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"I think you've had enough, it's time for bed" is something I've said to my toddler. Usually after he's been stumbling around and walking in circles. I've also said these words to friends who’ve exhibited the same behavior. Because they were drunk.
Lately I've been noticing some of the things I say to my son are eerily similar to what I've said to friends and roommates back in college. Let me clarify that: It reminds me of things I said to drunk friends and roommates back in college. And maybe a few years post-college. Also, recently after a mom's night out.
- I know you’re trying to tell me something that’s obviously important... But I can’t understand a word you just said. My toddler is learning to speak. He babbles. While he's positive he's saying something, I often have no idea if he’s discussing apples or garbage trucks. Drunk people essentially lose the ability to coherently string words together. And also talk about apples and garbage trucks.
- Did you put these shoes in the dishwasher? My son put my husband’s shoes in the dishwasher A college roommate put garlic powder in the dishwasher. She said it was because the smell was overpowering and this was the only way to “make it stop.”
- I don’t care if you’re mad, I’m not going to let you use the oven. My son is fascinated by everything we do. He wants to do it also, including cook. An old roommate would come home after a few cocktails and want to cook. Usually noodles that she’d smother in ketchup. I believe I’ve been right by refusing both of them the opportunity.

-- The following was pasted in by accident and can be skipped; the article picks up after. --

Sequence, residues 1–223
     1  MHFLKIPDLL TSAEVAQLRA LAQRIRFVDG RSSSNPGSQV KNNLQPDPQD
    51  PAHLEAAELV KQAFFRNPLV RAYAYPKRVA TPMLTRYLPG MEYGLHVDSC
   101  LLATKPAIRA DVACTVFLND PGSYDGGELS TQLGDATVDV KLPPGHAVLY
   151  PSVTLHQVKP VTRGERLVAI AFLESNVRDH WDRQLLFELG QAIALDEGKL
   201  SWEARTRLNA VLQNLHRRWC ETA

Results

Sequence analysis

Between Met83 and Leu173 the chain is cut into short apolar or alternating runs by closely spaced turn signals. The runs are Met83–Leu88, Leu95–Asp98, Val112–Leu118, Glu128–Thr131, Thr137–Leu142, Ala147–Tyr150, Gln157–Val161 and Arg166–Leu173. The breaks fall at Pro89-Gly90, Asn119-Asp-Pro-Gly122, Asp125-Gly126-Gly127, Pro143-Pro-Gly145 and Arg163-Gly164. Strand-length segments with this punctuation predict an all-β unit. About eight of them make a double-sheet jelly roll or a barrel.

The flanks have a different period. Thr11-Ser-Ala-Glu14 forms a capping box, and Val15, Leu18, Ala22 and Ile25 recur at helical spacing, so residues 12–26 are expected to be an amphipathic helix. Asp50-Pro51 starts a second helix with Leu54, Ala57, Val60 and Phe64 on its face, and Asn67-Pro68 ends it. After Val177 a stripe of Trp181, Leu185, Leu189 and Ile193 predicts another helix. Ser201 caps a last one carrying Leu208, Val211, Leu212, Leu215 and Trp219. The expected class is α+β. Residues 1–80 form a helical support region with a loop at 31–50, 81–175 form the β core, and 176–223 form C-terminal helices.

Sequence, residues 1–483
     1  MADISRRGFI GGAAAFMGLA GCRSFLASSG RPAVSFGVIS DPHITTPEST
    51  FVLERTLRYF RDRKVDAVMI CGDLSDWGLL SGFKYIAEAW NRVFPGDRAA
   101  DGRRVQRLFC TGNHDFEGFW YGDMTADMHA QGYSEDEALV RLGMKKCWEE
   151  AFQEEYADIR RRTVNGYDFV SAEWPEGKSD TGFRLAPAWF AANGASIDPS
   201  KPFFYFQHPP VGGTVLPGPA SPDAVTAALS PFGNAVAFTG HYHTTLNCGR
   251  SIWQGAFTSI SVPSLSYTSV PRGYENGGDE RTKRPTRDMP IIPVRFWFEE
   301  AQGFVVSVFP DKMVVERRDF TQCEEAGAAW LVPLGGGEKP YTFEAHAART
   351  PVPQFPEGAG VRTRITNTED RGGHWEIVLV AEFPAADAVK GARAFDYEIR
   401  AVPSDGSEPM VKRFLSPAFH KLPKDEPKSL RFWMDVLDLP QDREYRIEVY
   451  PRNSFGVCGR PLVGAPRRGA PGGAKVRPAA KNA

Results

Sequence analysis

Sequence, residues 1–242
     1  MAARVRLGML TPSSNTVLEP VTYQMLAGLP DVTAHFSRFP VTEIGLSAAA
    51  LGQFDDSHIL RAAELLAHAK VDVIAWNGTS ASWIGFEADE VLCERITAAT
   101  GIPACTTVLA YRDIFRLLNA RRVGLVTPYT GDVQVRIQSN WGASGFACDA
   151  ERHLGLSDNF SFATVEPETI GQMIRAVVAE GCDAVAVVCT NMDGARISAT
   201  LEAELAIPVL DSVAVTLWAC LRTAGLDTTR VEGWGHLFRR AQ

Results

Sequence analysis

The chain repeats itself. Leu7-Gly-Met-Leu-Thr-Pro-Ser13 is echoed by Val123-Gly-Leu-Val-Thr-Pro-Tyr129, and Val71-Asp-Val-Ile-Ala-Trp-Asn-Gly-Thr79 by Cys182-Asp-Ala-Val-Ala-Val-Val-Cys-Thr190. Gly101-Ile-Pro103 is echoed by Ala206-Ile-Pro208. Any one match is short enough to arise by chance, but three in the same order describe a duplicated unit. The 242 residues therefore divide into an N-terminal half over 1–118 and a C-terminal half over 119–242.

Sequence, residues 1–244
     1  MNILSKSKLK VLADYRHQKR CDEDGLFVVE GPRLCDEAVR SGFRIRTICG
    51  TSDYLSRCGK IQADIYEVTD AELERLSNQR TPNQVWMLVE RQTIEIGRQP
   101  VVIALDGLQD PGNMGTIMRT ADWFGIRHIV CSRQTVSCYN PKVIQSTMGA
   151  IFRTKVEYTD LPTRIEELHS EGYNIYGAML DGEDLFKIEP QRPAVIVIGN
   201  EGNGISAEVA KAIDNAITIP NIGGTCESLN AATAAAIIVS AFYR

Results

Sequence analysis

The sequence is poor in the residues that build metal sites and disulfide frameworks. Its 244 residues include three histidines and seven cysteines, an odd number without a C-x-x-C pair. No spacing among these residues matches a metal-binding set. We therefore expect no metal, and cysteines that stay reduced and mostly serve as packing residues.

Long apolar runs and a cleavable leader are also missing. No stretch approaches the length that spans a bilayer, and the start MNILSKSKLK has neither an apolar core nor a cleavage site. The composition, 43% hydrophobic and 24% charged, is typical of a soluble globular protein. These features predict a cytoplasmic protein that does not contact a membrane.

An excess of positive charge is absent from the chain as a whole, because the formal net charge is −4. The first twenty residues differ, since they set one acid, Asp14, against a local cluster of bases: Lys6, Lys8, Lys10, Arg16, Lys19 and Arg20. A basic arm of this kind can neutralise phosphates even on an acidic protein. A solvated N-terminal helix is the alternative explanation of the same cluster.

- Do NOT pull the cat’s tail. My son has tried this because he doesn’t know any better. A friend used to swear his cat enjoyed it. For the record, the cat most certainly did not.
- How is it possible that you’re awake so early? Do you not remember what you were doing at 3 a.m.? My son will awaken in the middle of the night, keeping us up for hours. Yet he rises at the crack of dawn like nothing happened. I had a college roommate who’d come home drunk, waking everyone up because she was so loud. Then she’d get up at 5:30 a.m. to go running.
- I don’t care if you throw your cup on the floor. The only thing you’re getting to drink right now is water. My son has tossed his sippy cup when he realized it was filled with water. I once tried to trick a drunk friend by offering her “white wine” that wasn’t. She threw her red solo cup filled with water on the floor, thinking it was funny. It wasn’t.
- When did you use my phone? How did you unlock it? Please tell me you didn’t call someone. It’s just common knowledge that both toddlers and drunk people shouldn't be allowed anywhere near a phone.
- If you want to run around outside you have to put shoes on. I have to wrestle my son to get his shoes on, he thinks it’s a fun game. I once had a drunk friend who insisted we allow her to run around outside. Barefoot, in the rain. We might have had to wrestle her a bit as well.
- Let me get this straight: you’re crying because your cookie broke in half? Toddlers and drunk adults both share a flair for drama. And are excessively emotional. Tears are often shed. Loudly.
- Please don’t put your hands in the toilet. My son thinks the toilet is a water table that exists in our home for his amusement. Drunk friends just have no common sense.
- I promise you those aren’t chocolate crumbs in the plant. It’s dirt. Please don’t eat it. My son is often trying to grab handfuls of dirt to eat. Similarly, I had a drunk friend who was convinced that styrofoam shipping peanuts were popcorn. We finally let her try to eat one because we were tired of arguing with her.
- I’m sorry the car smells so bad. It’s never been the same since you threw up in there. I think this one is self-explanatory.
For more mom moments, follow me on Instagram at Witty Otter.
Images by Becky Vieira
Opinions expressed by parent contributors are their own.